10 Tips for Teaching Seniors Computers Skills
I’ve been teaching library computer classes since 1997. Here are my top 10 tips for teaching
seniors how to use a computer.
1) State the goals of the class before you begin instructing. People will come into a class with different skill levels. Advanced students will often work ahead or surf the web if the class material is too basic for them.
This can distract you and other people in the class.
After everyone in the class has been seated, I introduce myself and then say something like: “Just to
make sure we’re all on the same page here, this the Introduction to Email Class”. In this class we cover the
very basics of sending and receiving email messages. Is that why we’re all here?”
2) Use real life parallels whenever possible.
For example, if I’m describing the “To:” box on an email screen, I’ll hold up the front of an envelope that has been addressed.
This really seems to help to “Demystify” computers for seniors.
Another analogy that seems to go over very well is comparing web pages to electronic documents. I’ll hold up a People magazine page and state that web pages are really just magazine pages that you can read on a computer screen.
3) Use humor to lighten the mood. This is especially important if you are much younger than the people that you are teaching.
Many seniors seem to feel ignorant (or worse!) because they can’t use a computer like their 10 year old grandchildren. This being the case, they can really feel intimidated by a younger instructor.
I usually begin a class by stating: “Nobody was born knowing this stuff”. I then segue into the story of my father getting whiplash from teaching me how to drive a standard shift.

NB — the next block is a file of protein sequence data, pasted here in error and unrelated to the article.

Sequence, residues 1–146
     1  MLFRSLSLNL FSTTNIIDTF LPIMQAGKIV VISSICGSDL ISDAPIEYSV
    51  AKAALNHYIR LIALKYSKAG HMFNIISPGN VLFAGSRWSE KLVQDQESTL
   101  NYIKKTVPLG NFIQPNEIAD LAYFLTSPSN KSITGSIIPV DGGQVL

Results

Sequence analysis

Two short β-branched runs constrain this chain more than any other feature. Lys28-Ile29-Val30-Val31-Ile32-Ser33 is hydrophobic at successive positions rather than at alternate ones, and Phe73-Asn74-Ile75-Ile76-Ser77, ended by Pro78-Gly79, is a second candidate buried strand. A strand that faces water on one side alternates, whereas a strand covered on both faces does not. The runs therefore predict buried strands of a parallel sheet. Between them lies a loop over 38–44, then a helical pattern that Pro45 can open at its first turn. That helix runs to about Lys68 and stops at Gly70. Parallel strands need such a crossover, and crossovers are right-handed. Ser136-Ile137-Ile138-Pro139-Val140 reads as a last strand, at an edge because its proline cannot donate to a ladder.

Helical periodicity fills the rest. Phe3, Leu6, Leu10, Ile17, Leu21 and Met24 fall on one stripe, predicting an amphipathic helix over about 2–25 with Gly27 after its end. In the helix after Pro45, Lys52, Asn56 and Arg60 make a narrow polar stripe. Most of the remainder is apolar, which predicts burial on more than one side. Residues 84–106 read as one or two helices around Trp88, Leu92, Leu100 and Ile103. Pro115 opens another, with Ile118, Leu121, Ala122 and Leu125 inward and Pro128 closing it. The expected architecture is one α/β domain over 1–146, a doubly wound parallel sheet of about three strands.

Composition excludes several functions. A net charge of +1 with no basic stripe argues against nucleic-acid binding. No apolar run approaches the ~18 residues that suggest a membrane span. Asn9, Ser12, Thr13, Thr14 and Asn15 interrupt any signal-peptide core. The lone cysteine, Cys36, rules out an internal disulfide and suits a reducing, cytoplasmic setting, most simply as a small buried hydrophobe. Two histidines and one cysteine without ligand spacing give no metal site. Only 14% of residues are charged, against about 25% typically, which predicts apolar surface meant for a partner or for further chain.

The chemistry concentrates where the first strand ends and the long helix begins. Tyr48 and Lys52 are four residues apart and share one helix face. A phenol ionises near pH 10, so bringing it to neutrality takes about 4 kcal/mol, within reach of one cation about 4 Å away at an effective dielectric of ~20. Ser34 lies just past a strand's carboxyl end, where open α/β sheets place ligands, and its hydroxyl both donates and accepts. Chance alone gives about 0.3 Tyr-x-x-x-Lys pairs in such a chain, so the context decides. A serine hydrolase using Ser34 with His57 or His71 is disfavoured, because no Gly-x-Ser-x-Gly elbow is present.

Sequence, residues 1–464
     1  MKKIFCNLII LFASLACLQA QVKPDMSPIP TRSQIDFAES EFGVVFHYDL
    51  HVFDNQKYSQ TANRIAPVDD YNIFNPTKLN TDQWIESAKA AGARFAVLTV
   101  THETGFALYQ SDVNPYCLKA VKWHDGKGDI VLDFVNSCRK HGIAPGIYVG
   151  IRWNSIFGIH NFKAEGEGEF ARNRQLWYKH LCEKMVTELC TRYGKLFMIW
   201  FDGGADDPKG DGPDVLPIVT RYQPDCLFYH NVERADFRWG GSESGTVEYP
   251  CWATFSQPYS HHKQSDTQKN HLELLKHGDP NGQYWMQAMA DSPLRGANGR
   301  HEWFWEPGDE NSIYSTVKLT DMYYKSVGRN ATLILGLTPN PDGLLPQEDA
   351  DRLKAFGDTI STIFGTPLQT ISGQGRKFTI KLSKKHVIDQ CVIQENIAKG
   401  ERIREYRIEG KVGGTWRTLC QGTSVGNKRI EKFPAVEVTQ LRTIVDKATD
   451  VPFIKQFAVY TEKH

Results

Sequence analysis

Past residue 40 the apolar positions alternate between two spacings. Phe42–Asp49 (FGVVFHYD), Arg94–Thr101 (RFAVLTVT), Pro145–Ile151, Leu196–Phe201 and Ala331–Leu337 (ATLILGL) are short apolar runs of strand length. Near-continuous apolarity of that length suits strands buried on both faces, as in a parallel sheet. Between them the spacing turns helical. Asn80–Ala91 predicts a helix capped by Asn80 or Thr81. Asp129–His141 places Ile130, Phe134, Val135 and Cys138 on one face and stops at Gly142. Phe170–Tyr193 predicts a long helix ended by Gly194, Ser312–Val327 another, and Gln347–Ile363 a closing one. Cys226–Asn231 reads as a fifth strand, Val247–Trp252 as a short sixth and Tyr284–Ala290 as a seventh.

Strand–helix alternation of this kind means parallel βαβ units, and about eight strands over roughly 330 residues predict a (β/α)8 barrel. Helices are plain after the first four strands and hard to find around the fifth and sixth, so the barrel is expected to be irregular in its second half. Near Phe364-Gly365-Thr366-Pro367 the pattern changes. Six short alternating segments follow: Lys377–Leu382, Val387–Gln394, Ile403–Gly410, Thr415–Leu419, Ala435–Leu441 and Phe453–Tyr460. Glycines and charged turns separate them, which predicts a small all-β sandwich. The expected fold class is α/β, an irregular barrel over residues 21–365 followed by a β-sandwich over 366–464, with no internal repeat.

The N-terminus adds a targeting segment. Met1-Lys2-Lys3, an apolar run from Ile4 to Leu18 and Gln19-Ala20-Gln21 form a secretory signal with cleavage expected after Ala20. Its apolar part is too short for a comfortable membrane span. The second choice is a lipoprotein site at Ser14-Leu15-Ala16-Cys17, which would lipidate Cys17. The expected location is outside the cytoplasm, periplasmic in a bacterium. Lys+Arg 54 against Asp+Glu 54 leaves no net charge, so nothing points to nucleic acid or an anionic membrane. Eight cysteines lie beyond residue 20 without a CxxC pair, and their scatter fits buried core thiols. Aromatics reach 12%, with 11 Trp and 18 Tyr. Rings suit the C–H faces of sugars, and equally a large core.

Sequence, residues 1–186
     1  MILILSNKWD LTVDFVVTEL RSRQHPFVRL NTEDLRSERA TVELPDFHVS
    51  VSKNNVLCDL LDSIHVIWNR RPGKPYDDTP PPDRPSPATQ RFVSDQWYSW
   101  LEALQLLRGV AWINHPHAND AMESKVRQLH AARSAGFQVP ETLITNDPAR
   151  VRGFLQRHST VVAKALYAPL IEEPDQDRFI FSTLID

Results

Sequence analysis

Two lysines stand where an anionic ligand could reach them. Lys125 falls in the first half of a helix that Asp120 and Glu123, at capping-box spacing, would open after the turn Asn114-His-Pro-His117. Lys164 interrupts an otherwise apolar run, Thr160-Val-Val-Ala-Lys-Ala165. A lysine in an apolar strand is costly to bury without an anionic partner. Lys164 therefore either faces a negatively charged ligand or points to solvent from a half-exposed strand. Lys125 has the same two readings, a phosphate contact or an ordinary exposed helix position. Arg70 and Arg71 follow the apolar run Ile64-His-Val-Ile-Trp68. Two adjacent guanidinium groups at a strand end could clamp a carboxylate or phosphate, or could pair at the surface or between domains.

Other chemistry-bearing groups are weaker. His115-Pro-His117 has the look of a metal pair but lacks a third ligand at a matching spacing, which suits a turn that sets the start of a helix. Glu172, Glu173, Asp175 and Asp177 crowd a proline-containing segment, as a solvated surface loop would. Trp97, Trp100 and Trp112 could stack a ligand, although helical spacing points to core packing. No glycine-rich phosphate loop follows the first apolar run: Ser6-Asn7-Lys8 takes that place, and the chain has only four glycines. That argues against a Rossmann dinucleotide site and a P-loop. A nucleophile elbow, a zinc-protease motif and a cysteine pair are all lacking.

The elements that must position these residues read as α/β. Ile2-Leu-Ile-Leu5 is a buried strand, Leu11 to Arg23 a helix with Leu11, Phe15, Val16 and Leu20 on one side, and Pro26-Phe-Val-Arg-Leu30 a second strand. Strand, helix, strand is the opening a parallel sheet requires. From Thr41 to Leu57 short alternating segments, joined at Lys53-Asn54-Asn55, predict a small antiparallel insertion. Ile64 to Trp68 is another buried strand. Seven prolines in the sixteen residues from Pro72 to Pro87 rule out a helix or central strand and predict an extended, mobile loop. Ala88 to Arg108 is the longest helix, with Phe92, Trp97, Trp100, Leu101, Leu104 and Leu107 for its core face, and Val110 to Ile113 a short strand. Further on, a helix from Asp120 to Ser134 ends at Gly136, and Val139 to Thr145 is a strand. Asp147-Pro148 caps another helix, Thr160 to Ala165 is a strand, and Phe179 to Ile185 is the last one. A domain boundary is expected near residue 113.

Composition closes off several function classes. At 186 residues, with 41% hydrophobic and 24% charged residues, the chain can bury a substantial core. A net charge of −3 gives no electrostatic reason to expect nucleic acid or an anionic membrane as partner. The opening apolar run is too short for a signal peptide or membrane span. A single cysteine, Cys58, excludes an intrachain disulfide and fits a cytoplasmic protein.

4) Emphasize that if they learn 3 things from an hour long class then they’ve done really good. Many seniors that I have taught over the years seem to be trying to make up for “lost time” by frantically trying to learn everything at once.
5) Speak slowly and take frequent pauses to make sure everyone in the class is following what you’re saying.
6) In my experience, hands-on instruction seems to work best. I’ll describe what the class is going to do (such as starting a web browser and visiting a particular web site). Then we all do it together.
7) Use positive reinforcement. Say things like: “That’s an excellent question. Thanks very much for asking it.”
8) Emphasize that “practice makes perfect — or at least almost perfect — when it comes to learning how to use a computer.” I then return to my learning how to drive a standard shift story stating that what was once so difficult is second nature to me now.
9) The “strange neighborhood” analogy also seems to work well. I’ll ask the class: “What do you do when you drive into a strange neighborhood? Do you floor the accelerator and start making random turns? Of course not. You proceed slowly and follow directions. That’s the golden rule for learning how to use a computer.”
I’ll then add somewhat dramatically while gesturing to myself: “And if you get lost, you ask somebody for help.”
10) I like to hand the class notes out at the end of the class. If I hand the class notes out at the beginning, people tend to thumb through them and not pay attention to what is being taught.
Seniors also seem to relax quite a bit when I tell them that class outlines will be handed out later. They really seem to appreciate having something in writing.
Once seniors are able to relax and have realistic goals about what they can learn in one class or session, they seem to both enjoy the computer instruction and get more out of it.